WEST PALM BEACH, Fla. -- Gone the first week of spring training is the Smurfs and rainbows vibe. The usual light-hearted feel conjured by first sounds of gloves and bats, the initial regathering of the scattered, has been replaced by acrimony and jabs.
Player after player has taken shots in the media about this offseason’s free agency grind. What was expected to be a star-laden moment for Major League Baseball has been replaced by disdain. Bryce Harper and Manny Machado remain unsigned. The whole process feels like dragging an anvil through the desert by your teeth.
And players have not been modest about their irritation. Nationals closer Sean Doolittle spent the offseason on Twitter decrying the situation. He’s continued to do so in-person and via social media since arriving in Florida. Max Scherzer delivered expansive thoughts when asked. Ryan Zimmerman said Sunday, “I don't think it takes a genius to see that something is going on.”
Major League Baseball commissioner Rob Manfred used Sunday afternoon to fire back. In front of a small crowd of reporters and intrigued handful of coaches and general managers, Manfred stepped to a podium at the West Palm Beach Hilton and began to swing.
“There are 11 players who had a WAR above 1 last year that are unsigned,” Manfred said. “I believe, just like last year, that market is going to clear at some point here in the next few weeks. Those players are going to be signed. Do I wish, if I had my way, that Scott Boras would find a way, or Dan Lozano, or whoever, whatever agent, would find a way to make a deal with some club sooner rather than late? Yes, I do. But, we negotiated a system that allows the market to operate and I have every confidence that those players that I just described, that market is going to clear before we get to playing real games.”
Tanking, free agency and pitch clocks were the main concerns of Manfred’s press conference. He said the pitch clock would be tested in the spring. It’s of little consequence. What matters is all the pre-loaded ammo Manfred brought to beat back the public claims of the players, while simultaneously pushing the issue onto the union and, in part, media.
Watching Manfred were the old and the new in baseball. Tony La Russa, 74, relaxed at his assigned seat from the earlier media scrum on what baseball called, “Spring Training Media Day” for the Grapefruit League. Thirty-something club executives, including Baltimore’s Mike Elias, turned to listen in. Former players who are now managers -- Don Mattingly and Davey Martinez -- pivoted from their spots.
What they heard was Manfred taking shots at the union. They saw and heard him sigh when asked about teams perceived to be not trying. Manfred laughed, poked a reporter for sticking to the topic of free agency, and generally tried to recover a narrative slipping through baseball’s control. He threw a body blow when a reporter suggested the players, based on their comments, would be open to radical changes in the next collective bargaining agreement.
“Look, let me say a couple things: You seem to have more information than I do, which is, um…somewhat surprising,” Manfred said, then tried to laugh it off. “I went to [MLBPA executive director] Tony [Clark] a year ago. A matter of fact, a year ago this week. I told him in an effort to try and diffuse some of the negativity he had started in the public with, that we’re prepared to talk to him about whatever he wanted to talk about in an effort to get our labor relations in a more positive spot.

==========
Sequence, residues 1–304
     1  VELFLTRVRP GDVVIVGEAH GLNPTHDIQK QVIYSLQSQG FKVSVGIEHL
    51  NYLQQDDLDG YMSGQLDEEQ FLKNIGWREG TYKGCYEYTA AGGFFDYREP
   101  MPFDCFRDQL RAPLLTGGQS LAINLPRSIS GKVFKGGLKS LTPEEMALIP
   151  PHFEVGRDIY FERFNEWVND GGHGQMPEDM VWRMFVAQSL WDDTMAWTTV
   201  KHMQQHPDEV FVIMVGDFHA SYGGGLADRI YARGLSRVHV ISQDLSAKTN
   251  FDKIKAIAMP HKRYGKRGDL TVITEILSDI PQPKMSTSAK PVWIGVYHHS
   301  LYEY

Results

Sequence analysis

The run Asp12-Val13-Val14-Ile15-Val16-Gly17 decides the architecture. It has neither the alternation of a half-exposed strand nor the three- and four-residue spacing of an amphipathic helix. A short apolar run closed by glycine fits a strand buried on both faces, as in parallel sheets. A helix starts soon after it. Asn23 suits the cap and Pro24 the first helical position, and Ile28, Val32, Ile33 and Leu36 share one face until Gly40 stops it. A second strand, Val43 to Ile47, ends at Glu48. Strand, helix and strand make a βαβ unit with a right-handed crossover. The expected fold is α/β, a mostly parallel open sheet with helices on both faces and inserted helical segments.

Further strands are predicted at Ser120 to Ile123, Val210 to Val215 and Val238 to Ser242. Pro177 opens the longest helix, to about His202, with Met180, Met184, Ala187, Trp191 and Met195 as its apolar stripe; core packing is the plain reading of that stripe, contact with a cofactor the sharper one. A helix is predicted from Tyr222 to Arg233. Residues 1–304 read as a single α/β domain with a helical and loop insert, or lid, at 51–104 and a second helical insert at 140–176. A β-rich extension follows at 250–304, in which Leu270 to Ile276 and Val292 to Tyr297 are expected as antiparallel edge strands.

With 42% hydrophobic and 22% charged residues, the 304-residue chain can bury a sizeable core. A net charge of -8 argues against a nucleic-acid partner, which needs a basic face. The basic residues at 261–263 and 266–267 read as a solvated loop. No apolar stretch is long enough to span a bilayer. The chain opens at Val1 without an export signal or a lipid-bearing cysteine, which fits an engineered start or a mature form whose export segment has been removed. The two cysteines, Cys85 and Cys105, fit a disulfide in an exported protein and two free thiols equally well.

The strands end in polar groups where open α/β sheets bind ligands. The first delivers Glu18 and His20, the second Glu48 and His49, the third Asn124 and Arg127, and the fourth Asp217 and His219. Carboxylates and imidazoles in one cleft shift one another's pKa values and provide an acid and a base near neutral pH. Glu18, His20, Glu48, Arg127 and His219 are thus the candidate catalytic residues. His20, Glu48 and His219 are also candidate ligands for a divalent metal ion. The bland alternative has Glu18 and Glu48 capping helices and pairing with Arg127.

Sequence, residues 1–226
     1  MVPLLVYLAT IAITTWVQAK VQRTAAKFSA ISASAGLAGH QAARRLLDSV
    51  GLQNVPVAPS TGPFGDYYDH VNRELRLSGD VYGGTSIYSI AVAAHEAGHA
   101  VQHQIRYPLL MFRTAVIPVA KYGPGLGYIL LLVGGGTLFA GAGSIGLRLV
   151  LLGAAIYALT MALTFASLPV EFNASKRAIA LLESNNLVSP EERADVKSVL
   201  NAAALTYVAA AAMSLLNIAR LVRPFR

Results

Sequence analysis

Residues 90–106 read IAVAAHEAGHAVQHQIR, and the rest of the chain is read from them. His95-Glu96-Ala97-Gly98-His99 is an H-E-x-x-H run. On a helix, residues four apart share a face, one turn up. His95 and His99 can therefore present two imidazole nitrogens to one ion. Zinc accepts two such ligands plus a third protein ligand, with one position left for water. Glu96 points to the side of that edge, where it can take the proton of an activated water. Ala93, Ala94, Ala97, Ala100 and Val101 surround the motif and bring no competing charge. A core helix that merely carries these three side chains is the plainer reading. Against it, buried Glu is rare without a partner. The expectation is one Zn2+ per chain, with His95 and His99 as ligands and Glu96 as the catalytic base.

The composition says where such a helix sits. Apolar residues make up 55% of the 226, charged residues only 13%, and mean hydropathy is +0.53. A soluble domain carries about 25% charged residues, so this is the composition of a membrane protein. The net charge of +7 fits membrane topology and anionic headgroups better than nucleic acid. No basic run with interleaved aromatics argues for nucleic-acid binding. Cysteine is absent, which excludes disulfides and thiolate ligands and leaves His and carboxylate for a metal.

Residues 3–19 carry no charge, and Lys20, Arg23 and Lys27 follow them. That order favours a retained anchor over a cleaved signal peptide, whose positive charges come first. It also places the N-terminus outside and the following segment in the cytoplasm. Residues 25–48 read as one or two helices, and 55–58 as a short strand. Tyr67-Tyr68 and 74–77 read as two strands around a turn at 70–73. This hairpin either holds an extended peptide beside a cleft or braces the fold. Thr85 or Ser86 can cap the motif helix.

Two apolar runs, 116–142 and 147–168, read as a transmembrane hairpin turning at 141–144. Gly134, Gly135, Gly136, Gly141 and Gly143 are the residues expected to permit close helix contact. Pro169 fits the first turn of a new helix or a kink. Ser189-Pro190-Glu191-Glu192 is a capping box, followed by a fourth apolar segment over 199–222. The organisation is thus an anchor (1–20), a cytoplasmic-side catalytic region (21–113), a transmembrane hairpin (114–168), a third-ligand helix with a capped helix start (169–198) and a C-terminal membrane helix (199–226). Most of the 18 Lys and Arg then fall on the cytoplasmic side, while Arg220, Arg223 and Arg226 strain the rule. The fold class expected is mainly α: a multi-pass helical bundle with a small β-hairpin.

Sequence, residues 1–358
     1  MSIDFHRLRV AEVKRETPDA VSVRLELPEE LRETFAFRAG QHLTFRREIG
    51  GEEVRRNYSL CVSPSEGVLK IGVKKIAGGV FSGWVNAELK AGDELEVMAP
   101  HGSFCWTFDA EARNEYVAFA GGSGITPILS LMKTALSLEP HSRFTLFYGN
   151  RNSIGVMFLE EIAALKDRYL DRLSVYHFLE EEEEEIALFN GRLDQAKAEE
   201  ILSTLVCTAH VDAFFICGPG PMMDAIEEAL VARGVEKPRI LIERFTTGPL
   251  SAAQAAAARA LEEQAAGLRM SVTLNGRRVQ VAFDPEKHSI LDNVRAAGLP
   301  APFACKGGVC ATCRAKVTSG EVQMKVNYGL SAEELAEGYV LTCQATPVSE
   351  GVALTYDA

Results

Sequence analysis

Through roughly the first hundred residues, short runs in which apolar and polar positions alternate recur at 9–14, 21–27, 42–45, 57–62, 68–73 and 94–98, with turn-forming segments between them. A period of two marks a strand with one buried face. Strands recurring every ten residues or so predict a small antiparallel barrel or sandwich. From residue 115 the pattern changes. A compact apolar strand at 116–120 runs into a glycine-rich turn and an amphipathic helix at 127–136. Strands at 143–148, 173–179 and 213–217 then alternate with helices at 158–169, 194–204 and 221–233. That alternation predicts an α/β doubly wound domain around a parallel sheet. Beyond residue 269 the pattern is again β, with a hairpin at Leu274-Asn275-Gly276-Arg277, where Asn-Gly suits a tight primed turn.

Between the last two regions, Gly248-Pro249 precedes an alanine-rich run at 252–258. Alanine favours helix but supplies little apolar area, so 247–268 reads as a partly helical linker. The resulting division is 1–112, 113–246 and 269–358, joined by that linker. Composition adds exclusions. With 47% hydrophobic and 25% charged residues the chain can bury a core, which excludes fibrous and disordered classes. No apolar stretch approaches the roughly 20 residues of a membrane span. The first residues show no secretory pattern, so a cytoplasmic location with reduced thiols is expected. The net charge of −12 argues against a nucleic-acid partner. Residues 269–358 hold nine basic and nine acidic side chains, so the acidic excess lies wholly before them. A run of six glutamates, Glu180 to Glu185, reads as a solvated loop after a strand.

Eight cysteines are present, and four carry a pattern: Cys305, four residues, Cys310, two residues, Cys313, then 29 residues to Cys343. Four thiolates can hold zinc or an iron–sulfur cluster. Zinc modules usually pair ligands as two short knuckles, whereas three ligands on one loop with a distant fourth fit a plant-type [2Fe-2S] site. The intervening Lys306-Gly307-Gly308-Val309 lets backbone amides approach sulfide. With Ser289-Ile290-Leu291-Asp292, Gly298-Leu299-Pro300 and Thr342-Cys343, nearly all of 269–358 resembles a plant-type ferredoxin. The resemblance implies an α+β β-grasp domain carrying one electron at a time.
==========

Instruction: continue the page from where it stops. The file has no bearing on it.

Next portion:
“Look, we can live with the basic agreement we negotiated. I’ve negotiated some not-so-good ones. I’ve negotiated some good ones. In each and every one of them, to the owner’s credit, they were prepared to live with those deals. And we’re prepared to live with the deal we have now. Despite that fact, we went and offered Tony the opportunity to have dialogue. I have had no response to that offer. So, what you’re talking about in terms of what they’d like to do is kind of news to me.”
Manfred countered suggestions of tanking by saying payroll was not a good measure of an organization’s overall effort to win -- which is a strange sentiment for a league with a competitive balance tax. He took another shot at Clark by referencing a statement from March of last year in which Clark claimed a third of the league was not trying to win. The MLBPA had filed a grievance against the Pirates, Marlins, Athletics, and Rays for not complying with spending rules outlined in the CBA. Those teams averaged 83 wins last season. Oakland (97) and Tampa Bay (90) were two of 11 MLB teams to win 90 or more games.
“He did very poorly with those four teams,” Manfred said. “...Our teams are trying.”
Despite multiple succinct jabs at Clark, Manfred later said there is no acrimony between the two. Of note here: Manfred is a lifelong lawyer with a degree in labor law negotiations.
When he pivoted to the media without saying the word, Manfred mentioned the idea of a $400 million player being floated years in advance of his free agency. He did not name who this mystery player could possibly be. Manfred tacked on in his reasoning for the malaise by saying MLB’s free agent system is entirely different than that of the NFL or NBA, called it “bi-lateral,” and said he “hates” the negativity around the game’s current and future state.
What he didn’t do was deliver statements to quell those concerns. Instead, he swung back at the MLBPA during 30 minutes of finger pointing, further embedding the idea 2021 is en route to a troubling situation.
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